The dielectric layer 108 can include a single layered or composite layered dielectric region. For example, the entire region 108 may be a single layer formed of a thermally grown silicon oxide, or a chemical vapor deposition (CVD) deposited silicon oxide. The specific embodiment illustrated in FIG. 1 illustrates the dielectric region 108 as a multi-layered composite dielectric region including layers or films 102, 104, and 106. In one embodiment, the layers 102 and 106 are a thermally grown silicon oxide or CVD deposited oxide, while the layer 104 is a stop layer for CMP or etch.
The stop layer in a specific embodiment acts as a chemical-mechanical polish (CMP) stop layer. Specific implementations of a CMP stop layer include silicon nitride, or aluminum oxide, or any other layer that is selectable to a CMP process.
FIG. 2 illustrates the region of FIG. 1 following a tapered etch of the dielectric layer 108 that forms openings 201 and 203. In a first embodiment, the etch profile is tapered from the junction of the photoresist 110 and dielectric region 108 down to the surface of the substrate 100. This etch profile includes the sidewalls 202 and 205. The angle 209, which is the angle between the primary substrate 100 surface and the side wall 202, is less than 90 degrees, and will generally be approximately 80-60 degrees. In an alternate etch profile, the first trench wall portion 204 is vertical through the dielectric layer 106, while a second trench wall portion 206 is tapered through the dielectric region 102.
In order to obtain a trench profile as represented by the walls 202 and 205, an etch process utilizing a carbon and fluorine containing gas along with oxygen can be used. The introduction of oxygen with the carbon and fluorine containing gas results in a resist erosion, which facilitates the formation of the tapered, etch profile of walls 202 and 205. Specific examples of carbon and fluorine containing gases capable of being used include CHF3, CF4, C2F6, C3F8, and C4F8.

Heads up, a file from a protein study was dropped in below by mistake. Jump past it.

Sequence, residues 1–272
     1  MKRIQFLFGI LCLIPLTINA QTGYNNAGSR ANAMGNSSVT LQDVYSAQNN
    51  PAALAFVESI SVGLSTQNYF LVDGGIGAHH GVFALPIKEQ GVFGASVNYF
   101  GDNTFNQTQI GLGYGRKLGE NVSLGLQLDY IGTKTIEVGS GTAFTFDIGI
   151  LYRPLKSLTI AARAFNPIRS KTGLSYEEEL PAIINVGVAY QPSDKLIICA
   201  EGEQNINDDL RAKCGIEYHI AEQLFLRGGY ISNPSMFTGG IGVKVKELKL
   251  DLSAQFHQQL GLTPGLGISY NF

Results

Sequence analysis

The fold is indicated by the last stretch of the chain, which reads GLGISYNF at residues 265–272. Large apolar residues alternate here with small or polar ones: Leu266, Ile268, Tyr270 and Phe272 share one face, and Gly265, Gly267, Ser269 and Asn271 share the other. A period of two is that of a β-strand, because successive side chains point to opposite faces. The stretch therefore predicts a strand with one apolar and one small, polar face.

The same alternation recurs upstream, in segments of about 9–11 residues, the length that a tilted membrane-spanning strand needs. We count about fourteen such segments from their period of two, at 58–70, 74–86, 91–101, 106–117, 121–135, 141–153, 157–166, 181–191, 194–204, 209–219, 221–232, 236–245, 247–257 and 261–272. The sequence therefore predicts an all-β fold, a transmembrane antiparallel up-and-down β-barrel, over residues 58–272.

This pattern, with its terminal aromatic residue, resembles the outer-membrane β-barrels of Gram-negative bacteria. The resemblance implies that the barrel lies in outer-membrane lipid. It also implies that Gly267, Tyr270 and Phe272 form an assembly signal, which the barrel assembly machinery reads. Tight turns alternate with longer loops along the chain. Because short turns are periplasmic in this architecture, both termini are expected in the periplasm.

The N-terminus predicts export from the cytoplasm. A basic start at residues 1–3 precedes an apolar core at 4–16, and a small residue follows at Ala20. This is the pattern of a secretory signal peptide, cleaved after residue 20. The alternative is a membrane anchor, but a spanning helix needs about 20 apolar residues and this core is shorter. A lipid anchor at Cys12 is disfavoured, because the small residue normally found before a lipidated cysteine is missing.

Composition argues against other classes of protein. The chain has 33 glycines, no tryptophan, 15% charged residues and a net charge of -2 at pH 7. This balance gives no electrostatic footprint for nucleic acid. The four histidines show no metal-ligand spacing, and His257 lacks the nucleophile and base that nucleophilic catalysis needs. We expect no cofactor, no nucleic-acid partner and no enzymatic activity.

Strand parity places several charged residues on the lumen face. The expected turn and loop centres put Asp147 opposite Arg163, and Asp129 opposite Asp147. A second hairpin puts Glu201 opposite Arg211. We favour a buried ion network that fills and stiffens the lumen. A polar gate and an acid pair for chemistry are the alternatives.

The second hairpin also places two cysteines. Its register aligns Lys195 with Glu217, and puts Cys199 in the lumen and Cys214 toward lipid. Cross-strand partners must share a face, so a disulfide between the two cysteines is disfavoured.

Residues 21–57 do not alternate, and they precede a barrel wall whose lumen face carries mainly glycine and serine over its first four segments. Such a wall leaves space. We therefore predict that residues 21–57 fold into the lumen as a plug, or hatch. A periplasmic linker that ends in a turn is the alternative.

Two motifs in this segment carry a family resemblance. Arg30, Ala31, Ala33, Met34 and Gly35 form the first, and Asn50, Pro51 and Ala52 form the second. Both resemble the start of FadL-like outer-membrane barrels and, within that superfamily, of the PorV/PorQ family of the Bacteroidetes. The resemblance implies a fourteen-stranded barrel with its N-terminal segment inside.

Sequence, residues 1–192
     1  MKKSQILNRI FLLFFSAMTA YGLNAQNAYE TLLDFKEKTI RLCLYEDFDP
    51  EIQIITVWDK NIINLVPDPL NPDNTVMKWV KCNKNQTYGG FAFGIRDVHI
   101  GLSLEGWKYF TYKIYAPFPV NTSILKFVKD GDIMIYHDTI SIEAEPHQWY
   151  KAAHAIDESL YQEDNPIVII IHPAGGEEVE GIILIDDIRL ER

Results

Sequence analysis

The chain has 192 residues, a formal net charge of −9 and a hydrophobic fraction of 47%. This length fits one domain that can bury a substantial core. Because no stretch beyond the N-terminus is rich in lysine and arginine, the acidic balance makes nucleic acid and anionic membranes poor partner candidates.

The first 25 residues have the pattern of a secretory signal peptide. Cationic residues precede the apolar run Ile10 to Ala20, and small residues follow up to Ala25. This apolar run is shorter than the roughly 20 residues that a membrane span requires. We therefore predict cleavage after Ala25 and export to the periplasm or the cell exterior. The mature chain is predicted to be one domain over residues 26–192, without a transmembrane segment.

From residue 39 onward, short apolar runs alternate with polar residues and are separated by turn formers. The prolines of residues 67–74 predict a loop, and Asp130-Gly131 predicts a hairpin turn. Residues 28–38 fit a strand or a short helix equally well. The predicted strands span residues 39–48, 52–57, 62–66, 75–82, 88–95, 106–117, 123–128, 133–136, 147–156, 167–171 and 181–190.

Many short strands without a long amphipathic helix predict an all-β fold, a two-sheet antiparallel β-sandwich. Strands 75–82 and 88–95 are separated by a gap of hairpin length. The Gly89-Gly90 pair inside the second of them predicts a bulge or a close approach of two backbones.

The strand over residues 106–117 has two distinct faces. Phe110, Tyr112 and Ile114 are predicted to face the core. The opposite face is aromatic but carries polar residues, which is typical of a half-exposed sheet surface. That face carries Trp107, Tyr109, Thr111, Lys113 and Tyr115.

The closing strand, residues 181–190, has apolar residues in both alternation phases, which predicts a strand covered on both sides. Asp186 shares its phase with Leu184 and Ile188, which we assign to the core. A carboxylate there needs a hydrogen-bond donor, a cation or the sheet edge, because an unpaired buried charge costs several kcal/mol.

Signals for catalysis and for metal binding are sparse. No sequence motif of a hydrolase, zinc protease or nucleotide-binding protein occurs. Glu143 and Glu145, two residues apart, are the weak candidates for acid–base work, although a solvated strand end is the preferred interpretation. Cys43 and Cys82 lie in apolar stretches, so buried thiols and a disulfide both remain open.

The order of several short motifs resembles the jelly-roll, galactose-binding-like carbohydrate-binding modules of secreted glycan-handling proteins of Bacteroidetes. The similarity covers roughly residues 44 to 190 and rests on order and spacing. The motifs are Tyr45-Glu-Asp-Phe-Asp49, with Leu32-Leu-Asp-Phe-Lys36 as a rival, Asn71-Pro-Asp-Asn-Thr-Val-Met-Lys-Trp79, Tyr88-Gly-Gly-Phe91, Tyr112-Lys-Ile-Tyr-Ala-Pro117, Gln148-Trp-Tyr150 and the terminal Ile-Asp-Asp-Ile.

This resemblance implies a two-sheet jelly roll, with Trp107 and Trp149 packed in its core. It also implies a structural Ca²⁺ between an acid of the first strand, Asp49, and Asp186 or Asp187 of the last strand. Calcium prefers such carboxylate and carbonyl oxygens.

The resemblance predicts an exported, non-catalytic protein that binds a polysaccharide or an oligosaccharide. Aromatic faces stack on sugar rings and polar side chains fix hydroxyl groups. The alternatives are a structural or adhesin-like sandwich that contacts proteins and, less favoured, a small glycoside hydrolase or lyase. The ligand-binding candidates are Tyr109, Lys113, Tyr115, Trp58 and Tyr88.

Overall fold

In a specific implementation, Applied Materials Centura 5200 MxP+dielectric etch chamber is used to form the trenches with a process condition of 1100 W, 200 mtorr, 30 gauss, 50 sccm CHF3, 10 sccm O2, 50 sccm Ar.
FIG. 3 illustrates the region following the removal of the photoresist layer 110. The remaining structure includes openings 301 and 303 having exposed silicon regions 3011 and 3012 respectively. The exposed silicon regions 3011 and 3012 act as seed layers for subsequent epitaxial growth, and may be subject to cleaning steps prior to the formation of the epitaxial regions
FIG. 4 illustrates the region of FIG. 3 following the formation of epitaxial regions 401 and 403. A single or compound semiconductor material, that may be doped or undoped, forms the epitaxial regions 401 and 403. For example, in specific embodiments, the epitaxial regions 401 and 403 can include silicon, gallium nitride, gallium arsenide, indium gallium arsenide, and indium phosphide. Epitaxial regions 401 and 403 can be formed from different materials, using multiple epitaxial processes. For example, epitaxial region 401 may be formed from silicon, while epitaxial region 403 is formed from a silicon-germiianiium material. Furthermore, the regions 401 and 403 have substantially the same single crystalline semiconductor structure as the underlying substrate 100. For example, the epitaxial regions 401 and 403 will have essentially the same orientations as the underlying substrate 100. The facets seen at the top corners of epitaxial regions 401 and 403 are, in general, an unavoidable consequence of the epitaxial growth process, and are, in general, undesirable.